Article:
By Mike Gillikin
When the recession reared its ugly head in 2008, self-storage, like many other businesses, had to adjust. Tighter lending policies from banks and a general malaise and reluctance on the part of facility owners to invest caused a slowdown, particularly in new construction. Operators needed new ways to remain competitive. One obvious strategy was to use the time to examine the condition of existing buildings and grounds.
After two decades of satisfactory service to his customers, Carl Sutton, owner of Space Place Self-Storage in Midway, N.C., made a couple of important decisions. First, he decided the time was right to upgrade his buildings. Like most self-storage owners, he understands that curb appeal, along with location, pricing and unit mix, is paramount in attracting new customers and retaining existing ones. It’s a way of leveling the playing field in a business that gets more competitive every day.
He also considered that women are most often the ones to make the decision of where to store. This makes it even more important that a facility is attractive and remains so. No one should underestimate a woman’s influence when it comes to determining where her family’s valuables are stored.
The second important decision Sutton made was to contact the builder that provided his initial buildings in 1989. It made sense to work with a company that was familiar with the history of his facility, plus there was the issue of trust and compatibility between the two businesses.
An Evolving Business
Since Space Place was established, self-storage development and materials have drastically changed. Back then, manufacturing was less sophisticated, and buildings were field-painted, which means they were painted onsite after the buildings had been erected.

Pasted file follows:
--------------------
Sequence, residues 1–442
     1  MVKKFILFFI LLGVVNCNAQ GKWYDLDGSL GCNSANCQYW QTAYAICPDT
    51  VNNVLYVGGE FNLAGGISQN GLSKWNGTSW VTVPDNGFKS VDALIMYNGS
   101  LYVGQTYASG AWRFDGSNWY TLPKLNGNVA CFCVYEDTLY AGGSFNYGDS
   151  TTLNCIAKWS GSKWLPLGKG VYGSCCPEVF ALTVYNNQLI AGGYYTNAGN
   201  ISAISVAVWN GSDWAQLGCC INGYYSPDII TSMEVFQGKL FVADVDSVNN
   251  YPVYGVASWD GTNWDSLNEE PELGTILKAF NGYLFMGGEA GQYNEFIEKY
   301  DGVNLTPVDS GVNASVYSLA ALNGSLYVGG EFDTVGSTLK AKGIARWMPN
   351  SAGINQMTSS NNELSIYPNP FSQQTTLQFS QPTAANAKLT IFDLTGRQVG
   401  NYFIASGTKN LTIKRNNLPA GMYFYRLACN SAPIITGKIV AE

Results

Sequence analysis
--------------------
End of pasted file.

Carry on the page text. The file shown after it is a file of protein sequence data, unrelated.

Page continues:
Today a customer can expect pre-painted, baked-on, coated components prepared at the factory. Not only is it a much more durable and efficient process, it cuts the building erection time because the painting is already complete. In addition, other manufacturing processes have improved to make self-storage more attractive to potential owners.
Sutton worked with his developer to determine what needed to be replaced, how to do it and what it would cost. Once the developer’s recommendations were approved, Sutton brought in George Sellers of C&G Construction to help with the project.
Determining Facility Needs
After a facility evaluation, it was evident the concrete slabs had caused some of the structures to be out of square or crooked. The pouring of concrete slabs is a separate process not handled by component manufacturers. In spite of the slab problems, no structural changes to the buildings were necessary. This meant permitting and a general contractor were not needed, which saved time and money.
It was decided metal wraps would be used to cover existing door jambs and headers. Since steel is rigid, this process can sometimes be more of a challenge than covering with a material such as wood, for example; so some gaps did occur, but they were easily caulked.